Optionally in parallel a closed caption module 28 may examine an ancillary portion of the video stream looking for closed caption data. This module reports whether it finds closed caption data and, if it does, whether the closed caption data is changing. This information is fed to the decision module 22. Presence of closed caption data that is unchanging may be separately reported as an error at the operator's option, or used to further condition the Freeze Frame and/or LOS errors. Operator adjustable timeout counters in the decision module 22 may also be used to specify a maximum and minimum length of time closed caption data may occur before a Stuck Closed Caption or Unviewable Closed Caption warning is output. The closed caption module 28 may be disabled entirely at the operator's discretion.
Another option is a motion detection module 30 that compares each field to its previous corresponding field to determine motion present in each block of the picture. This may be performed by any one of a number of motion estimation algorithms, such as the Mean Absolute Difference (MAD) algorithm, which are well known in the art. The results output from the motion detection module 30 are input to the decision module 22. These results are used to detect Skipped Field errors by looking for overall motion, such as panning, in the same direction as, but disproportionate to, both previous and subsequent corresponding field motion. For example, if a local video sequence contains a field-wide shift of two pixels to the left, then has a field-wide shift of four pixels to the left, and then continues with additional field-wide shifts of two pixels to the left, this is a strong indication that a field was skipped during the four pixel shift because overall motion is nearly always smooth. When monitoring 3:2 and 2:3 pulldown sequences, the decision module 22 modifies its expectation of what motion is to be expected.
Motion detection also may be used to condition Duplicate Field and Skipped Field alarms. For example, the operator may set a threshold below which Skipped Field alarms are reported at a lower priority or not reported because skipped fields are difficult for viewers to perceive when movement is largely absent in the video sequence anyway. Finally a similar method of detecting Skipped Fields may be employed when the motion detector module 30 detects identical but opposite motion around the edges of fields in a video sequence and not motion in the center—zoom in or zoom out. Abrupt discontinuities in zoom motion compared to both previous and subsequent zoom frames may be set at the operator's option to trigger the Skipped Field alarm. Again the motion detector module 30 may be entirely disabled at the operator's discretion.
Yet another option is a simple Average Picture Level (APL) or brightness module 32 that calculates a maximum and overall brightness of the fields in the video sequence. The results from the APL module 32 are input to the decision module 22. The APL results are used to differentiate between LOS and Freeze Frame errors. They may also be used by the operator to condition the alarms or the severity of the alarms based on overall picture level. For example, the operator may not wish to be informed of short sequences of Duplicate Fields that are very dim, which occur during fade to black—steadily decreasing APL to zero brightness, or which occur during fade in—steadily increasing APL from zero brightness. This option may be implemented via an operator adjustable minimum APL threshold for each type of alarm, and separate adjustable time thresholds to present alarms during change from or to a minimum APL.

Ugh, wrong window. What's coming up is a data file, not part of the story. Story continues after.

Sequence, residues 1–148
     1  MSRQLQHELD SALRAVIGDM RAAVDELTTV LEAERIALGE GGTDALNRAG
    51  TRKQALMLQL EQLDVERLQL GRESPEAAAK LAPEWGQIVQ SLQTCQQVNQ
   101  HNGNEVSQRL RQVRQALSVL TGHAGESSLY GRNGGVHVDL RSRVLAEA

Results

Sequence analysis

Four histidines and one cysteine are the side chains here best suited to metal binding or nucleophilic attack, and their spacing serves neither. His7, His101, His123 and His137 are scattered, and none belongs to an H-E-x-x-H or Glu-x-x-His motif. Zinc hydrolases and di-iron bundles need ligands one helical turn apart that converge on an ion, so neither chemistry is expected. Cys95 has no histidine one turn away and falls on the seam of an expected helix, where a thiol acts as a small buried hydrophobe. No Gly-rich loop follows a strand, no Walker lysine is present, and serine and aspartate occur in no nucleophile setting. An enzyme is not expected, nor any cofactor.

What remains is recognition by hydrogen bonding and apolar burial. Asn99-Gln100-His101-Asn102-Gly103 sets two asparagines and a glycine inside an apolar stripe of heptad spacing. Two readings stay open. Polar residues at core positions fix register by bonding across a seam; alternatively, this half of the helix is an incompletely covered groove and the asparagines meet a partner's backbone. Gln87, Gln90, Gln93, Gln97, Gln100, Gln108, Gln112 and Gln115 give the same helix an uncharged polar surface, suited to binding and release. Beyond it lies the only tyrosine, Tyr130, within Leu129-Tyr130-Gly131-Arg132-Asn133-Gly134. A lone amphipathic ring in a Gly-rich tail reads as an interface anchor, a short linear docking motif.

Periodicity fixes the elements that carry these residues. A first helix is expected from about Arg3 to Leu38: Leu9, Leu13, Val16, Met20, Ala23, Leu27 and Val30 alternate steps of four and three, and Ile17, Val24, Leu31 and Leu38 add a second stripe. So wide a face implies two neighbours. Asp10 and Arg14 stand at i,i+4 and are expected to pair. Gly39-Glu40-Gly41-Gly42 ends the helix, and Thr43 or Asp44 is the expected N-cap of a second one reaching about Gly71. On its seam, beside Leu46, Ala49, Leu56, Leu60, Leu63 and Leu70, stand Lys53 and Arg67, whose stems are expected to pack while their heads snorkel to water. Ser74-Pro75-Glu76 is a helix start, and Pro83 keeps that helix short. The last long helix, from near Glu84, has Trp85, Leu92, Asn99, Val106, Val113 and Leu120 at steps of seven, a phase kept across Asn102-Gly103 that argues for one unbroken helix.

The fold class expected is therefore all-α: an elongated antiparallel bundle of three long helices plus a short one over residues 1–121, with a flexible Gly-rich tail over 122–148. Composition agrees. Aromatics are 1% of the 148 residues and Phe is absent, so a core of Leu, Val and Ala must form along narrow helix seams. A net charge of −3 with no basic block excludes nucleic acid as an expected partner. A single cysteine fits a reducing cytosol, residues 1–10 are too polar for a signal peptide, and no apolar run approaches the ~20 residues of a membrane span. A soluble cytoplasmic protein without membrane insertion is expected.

The decision module 22 raises alarms based upon operator settings. These include any combination or permutation of the outputs from the above-discussed detectors. Default settings include, but are not limited to, LOS, Freeze Frame w/o Graphics, Extended Freeze Frame w/Graphics, Duplicate Fields or Frames, Unexpected Pulldown—3:2 or 2:3 pulldown detected on video sequences where the operator states no pulldown exists, Bad Edit—DF during beat pattern change, SF and Unviewable Graphic—Duplicate Fields with graphics too short for viewers to see. The operator may designate degrees of severity for these errors or condition the severity on any combination or permutation of the inputs desired. By default the decision module 22 reports a severe error—immediate operator intervention suggested—for LOS and both types of Freeze Frame. Normal errors are returned for all Missing and Duplicate Field/Frame errors, Stuck Closed Caption and Unviewable Closed Caption errors. By default warnings are provided for Unexpected Pulldown and Bad Edit. Presence of other features may be reported at the operator's discretion, but by default are of an information status only. The operator may change any number of these or require different combinations for status reporting, and control the severity of the errors reported depending upon the combinations selected.
Thus the present invention provides for detecting content based defects in a video stream by testing the field data and changes in field data to generate an appropriate alarm signal to an operator.